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Stepping Out on Your Main Squeeze

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John''s book, A Guitar and a Pen, hit stores May 14. To promote the book, they are hosting a contest to give away a Gibson acoustic valued at $2500. Visit aguitarandapen.com or myspace.com/aguitarandapen to learn more about the book and the contest
I recently read a study on brain development where scientists found that when their control group made simple modifications in their daily routine, their brains were stimulated. Something as seemingly miniscule as a right-handed person brushing his or her teeth with the left hand leads to dendrite growth -- we''re talking about actual physical change. That''s great news for musicians; playing an instrument makes the player ambidextrous. I know that personally, when I really got hooked on music as a kid, I developed a deeper intellectual curiosity. Studies repeatedly find that children involved in music programs tend to be better students, and senior citizens who play an instrument keep their mental faculties longer than their couch-sitting, non-playing, inactive peers. Though senior citizens that daily exercise their brains with Sudoku or crossword puzzles do very well in the brain activity department as well, but that''s just not my bag. I''d much rather geek out on a guitar.

All of this got me thinking, at this point in my life, am I actually using my brain when I play or am I just working on pure muscle memory? I know that I have a vocabulary of riffs that I rely on way too much. Improvisation rarely goes to uncharted territory -- it''s more like assembling a model car than painting a picture. Most of us tend to assemble our solos by combining different sections from our box of tricks rather than creating from scratch.

In truth, most gigs are too important to try something new. Last week a killer drummer I know named Jack Gavin hired me to fill in as Tanya Tucker''s guitar player. I did take a few liberties on a couple of songs with some regrettable results. One particularly embarrassing moment came when we played "Something" by the Beatles. I stuck really close to Harrison''s part throughout the song; it''s so perfect and such a strong signature that to change it would be like painting a mustache on Mona Lisa. For some reason, during the last quarter of the solo, a voice inside my head said, "let''s see what happens when you put your fingers there." I ended up with a cacophonous flat 2-over-6 thing that had the entire band giggling. We listen to the board recording the next day, and I cringed sheepishly as Jack kept hitting the repeat button for "Something." That''s the kind of thing that makes a player want to avoid big leaps out of the comfort zone.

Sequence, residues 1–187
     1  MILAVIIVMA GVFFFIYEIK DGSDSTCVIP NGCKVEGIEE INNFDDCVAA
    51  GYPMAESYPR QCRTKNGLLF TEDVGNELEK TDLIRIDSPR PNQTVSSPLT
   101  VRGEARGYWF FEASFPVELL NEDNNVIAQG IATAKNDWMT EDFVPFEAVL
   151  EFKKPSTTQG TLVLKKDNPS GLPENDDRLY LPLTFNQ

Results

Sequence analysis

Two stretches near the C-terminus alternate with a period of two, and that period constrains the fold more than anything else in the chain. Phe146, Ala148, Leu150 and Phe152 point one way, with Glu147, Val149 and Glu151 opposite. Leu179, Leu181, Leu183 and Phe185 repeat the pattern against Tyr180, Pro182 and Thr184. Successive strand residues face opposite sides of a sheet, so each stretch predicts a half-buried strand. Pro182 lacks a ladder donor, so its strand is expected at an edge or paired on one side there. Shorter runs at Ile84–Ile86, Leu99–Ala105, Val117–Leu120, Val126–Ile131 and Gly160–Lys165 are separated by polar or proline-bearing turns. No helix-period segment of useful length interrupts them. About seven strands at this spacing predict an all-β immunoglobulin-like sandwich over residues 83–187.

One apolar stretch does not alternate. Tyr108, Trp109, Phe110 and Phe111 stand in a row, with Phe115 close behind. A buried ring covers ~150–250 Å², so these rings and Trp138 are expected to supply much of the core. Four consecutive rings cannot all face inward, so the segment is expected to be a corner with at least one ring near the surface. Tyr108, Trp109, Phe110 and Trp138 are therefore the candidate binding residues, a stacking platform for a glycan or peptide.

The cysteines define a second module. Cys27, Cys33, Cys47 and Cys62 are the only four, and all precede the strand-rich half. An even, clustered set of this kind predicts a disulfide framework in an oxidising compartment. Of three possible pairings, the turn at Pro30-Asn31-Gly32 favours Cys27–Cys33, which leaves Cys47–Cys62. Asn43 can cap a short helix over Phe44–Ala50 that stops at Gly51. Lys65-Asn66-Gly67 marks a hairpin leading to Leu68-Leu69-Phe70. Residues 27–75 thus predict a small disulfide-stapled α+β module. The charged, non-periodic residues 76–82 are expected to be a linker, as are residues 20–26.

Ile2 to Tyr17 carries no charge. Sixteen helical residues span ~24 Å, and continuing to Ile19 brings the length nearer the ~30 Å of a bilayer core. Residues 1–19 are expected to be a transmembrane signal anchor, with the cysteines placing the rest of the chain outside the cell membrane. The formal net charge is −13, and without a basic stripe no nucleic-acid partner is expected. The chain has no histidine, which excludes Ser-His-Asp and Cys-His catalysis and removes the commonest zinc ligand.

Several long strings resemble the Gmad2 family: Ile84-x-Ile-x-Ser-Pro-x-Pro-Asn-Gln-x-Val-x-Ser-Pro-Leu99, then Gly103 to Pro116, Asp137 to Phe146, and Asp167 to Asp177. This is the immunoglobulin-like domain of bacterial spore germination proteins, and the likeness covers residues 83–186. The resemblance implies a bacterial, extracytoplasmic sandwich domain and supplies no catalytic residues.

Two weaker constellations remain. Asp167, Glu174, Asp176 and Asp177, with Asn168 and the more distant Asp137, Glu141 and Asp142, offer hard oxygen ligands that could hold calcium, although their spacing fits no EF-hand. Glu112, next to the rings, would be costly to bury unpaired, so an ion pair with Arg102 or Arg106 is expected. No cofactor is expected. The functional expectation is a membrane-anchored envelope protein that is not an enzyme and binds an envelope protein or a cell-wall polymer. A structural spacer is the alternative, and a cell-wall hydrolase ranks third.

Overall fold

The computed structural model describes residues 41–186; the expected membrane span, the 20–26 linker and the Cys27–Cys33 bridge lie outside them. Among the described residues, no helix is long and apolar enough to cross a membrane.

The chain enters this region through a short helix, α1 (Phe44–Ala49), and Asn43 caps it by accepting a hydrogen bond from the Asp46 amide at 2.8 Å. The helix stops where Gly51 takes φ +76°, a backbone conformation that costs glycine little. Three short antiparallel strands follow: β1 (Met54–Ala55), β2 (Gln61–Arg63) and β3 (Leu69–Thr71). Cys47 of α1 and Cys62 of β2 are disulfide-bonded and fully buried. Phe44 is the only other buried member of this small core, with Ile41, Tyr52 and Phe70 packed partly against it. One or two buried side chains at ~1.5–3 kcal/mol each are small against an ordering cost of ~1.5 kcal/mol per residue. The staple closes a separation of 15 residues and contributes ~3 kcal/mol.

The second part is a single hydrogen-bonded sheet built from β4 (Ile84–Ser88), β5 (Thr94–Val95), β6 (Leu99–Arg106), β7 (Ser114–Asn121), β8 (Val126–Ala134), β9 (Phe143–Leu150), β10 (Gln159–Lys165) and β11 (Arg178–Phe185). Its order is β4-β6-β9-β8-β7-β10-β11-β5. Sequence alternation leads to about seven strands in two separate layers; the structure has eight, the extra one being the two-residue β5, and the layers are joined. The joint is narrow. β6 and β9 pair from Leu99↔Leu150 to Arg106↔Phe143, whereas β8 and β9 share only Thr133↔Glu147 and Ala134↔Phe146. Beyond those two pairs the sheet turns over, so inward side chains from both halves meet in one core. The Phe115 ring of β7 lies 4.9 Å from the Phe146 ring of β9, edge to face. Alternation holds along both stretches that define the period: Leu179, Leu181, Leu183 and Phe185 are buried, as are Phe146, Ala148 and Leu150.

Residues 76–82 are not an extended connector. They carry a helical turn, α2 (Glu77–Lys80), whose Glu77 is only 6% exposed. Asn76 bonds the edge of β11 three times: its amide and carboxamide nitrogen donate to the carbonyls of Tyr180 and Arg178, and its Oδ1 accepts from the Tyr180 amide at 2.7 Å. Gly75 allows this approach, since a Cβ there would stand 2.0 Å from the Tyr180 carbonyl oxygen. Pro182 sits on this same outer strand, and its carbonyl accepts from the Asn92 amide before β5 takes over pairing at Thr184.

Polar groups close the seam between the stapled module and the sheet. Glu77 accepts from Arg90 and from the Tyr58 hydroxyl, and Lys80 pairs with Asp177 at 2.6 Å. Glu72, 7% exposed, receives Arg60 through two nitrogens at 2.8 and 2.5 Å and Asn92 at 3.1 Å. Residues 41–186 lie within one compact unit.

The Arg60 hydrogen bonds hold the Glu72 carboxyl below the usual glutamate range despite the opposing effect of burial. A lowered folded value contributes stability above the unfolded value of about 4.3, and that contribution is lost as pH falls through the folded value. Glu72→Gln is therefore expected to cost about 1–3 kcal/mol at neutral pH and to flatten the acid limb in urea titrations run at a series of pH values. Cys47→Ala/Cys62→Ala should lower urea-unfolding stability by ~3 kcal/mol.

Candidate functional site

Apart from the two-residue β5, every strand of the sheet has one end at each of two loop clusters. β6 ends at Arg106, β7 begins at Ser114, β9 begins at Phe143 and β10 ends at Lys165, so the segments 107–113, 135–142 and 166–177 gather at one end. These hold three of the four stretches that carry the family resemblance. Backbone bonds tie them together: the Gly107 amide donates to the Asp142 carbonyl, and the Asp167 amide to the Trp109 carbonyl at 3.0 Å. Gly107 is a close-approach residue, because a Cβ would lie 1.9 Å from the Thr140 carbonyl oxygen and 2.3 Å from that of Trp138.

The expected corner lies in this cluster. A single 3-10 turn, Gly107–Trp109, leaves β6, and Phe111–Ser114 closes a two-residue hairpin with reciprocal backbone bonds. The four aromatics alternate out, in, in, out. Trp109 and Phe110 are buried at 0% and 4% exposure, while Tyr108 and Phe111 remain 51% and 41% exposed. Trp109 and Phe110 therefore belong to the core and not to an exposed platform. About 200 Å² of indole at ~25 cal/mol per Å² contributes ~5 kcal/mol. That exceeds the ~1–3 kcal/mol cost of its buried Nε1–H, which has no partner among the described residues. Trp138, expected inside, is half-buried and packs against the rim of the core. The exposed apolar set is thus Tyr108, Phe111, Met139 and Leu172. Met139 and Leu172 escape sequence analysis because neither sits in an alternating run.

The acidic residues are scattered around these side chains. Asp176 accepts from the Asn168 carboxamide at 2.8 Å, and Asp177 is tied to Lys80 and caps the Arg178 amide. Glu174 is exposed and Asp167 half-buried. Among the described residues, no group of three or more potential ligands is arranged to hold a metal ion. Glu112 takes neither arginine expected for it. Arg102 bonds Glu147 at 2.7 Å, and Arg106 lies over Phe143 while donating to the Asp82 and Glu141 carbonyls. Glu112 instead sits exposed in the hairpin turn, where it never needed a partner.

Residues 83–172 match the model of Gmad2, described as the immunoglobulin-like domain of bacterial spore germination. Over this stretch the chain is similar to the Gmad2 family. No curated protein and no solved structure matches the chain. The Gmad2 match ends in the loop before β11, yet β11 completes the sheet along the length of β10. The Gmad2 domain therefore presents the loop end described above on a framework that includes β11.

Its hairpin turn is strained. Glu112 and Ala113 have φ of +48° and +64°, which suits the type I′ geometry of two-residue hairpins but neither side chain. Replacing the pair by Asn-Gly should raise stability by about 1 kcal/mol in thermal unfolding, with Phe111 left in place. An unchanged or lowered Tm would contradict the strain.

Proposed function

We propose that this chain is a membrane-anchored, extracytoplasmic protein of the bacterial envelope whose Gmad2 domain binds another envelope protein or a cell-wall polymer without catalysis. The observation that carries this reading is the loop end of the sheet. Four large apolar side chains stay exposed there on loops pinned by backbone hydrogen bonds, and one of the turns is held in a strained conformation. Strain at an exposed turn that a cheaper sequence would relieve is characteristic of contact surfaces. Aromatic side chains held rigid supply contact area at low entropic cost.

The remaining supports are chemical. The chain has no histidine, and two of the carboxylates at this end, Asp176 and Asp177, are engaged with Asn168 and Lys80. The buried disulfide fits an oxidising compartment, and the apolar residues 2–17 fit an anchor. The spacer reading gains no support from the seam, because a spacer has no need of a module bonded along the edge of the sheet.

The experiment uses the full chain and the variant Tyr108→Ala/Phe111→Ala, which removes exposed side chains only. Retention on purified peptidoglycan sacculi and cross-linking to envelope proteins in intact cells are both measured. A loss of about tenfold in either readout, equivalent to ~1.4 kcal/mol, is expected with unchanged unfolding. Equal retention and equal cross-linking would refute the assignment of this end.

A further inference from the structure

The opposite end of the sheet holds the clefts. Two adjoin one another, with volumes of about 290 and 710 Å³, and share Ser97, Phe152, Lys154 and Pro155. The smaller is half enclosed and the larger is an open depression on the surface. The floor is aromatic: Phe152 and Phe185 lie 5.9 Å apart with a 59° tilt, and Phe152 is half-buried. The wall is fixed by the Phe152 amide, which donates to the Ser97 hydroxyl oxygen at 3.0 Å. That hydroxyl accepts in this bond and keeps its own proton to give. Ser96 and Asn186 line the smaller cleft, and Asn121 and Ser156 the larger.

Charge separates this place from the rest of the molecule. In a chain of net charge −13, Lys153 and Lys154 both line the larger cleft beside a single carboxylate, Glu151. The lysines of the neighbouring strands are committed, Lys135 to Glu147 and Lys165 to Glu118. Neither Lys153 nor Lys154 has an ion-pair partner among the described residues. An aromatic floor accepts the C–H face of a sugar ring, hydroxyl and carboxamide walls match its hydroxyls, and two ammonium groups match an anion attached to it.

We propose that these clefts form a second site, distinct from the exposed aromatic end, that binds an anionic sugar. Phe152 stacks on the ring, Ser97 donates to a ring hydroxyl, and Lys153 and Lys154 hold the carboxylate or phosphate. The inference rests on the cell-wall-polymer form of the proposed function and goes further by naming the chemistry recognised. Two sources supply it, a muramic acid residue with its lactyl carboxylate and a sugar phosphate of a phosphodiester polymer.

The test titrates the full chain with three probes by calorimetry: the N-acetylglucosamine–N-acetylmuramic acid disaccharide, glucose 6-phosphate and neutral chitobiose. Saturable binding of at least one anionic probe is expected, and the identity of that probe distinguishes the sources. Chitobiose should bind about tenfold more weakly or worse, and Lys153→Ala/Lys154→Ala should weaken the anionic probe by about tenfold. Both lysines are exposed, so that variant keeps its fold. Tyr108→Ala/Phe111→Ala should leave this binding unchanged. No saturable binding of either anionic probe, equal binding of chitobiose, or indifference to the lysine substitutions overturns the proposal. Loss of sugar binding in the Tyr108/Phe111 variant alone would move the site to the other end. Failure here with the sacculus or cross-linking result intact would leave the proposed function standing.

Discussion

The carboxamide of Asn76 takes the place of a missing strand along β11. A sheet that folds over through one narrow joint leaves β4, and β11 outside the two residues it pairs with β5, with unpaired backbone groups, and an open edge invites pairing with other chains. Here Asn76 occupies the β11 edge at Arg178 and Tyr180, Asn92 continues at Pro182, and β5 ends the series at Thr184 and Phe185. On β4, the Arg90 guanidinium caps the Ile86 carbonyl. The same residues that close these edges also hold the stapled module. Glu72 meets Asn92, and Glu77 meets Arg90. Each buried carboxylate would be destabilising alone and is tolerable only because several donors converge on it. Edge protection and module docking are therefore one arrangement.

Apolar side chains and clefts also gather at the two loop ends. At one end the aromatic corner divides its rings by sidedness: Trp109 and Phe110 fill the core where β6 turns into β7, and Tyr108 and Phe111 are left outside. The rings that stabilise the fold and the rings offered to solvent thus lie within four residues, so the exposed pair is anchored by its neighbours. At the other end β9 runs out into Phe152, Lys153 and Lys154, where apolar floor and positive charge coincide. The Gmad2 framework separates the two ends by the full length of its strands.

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A safer step out of the comfortable cage is to change guitars a bit more often. I tend to be a Tele guy; they issue you one at the border of Tennessee, where the rules clearly state that no guitar player may enter Nashville without one. I''ve been abusing my same old Valley Arts Tele for years. It went in the shop a while ago to get the frets replaced, and I was forced to play some of my other guitars.

In keeping with the out-of-your-comfort-zone challenge, I began playing my beloved PRS, which could not be more different than my go-to Tele. Playing the PRS made me choose different notes. It made me slow down and work a melody a bit more than I tend to on a Tele. The different tone and feel got me away from my same old cliché licks, and I think I grew a bit as a player. After a few months on the PRS I started playing my Gibson 336, which felt even more foreign and really got me to a different place. The first gig I played with the 336 was the televised Opry with Randy Owen. Randy''s manager, Shawn Pennington, once played the Opry with a Flying V just to be the only guitarist to ever do it; inspired by the story I undauntedly grabbed the 336. When we were rushed on stage during the commercial break, I struggled to plug in and get a tone going and I cursed Shawn''s V story and my impetuousness for following his lead and choosing such an unfamiliar ax for a pressure gig. I felt very uncomfortable during the first song, but once it settled in, things got better. By the second set, I was thrilled with the Larry Carlton-ish tone the 336 was giving me. It had never occurred to me until then that the Carlton tone works perfectly in a country context. So, as of late, I''ve been switching between the 336 and the PRS on most gigs. I really enjoy where these guitars take me.

The moral to this story: switch it up a little, try something uncomfortable and make those dendrites grow. Every now and then try not to sound like you.


John Bohlinger is a Montana native and former Ivy Leaguer who was close to earning a Ph.D. in psychology when he dropped out to pursue a life in music. "The psych background comes in handy when dealing with the music business" John quips. Over his fifteen years in Nashville, John has toured the world, holding down the guitar/mandolin/pedal steel end for over 30 major label artists; he currently leads the band for the hit show Nashville Star, which has moved to NBC. John''s songs and playing can be heard in several major motion pictures, major label releases and literally hundreds of television drops. For more info visit johnbohlinger.com.
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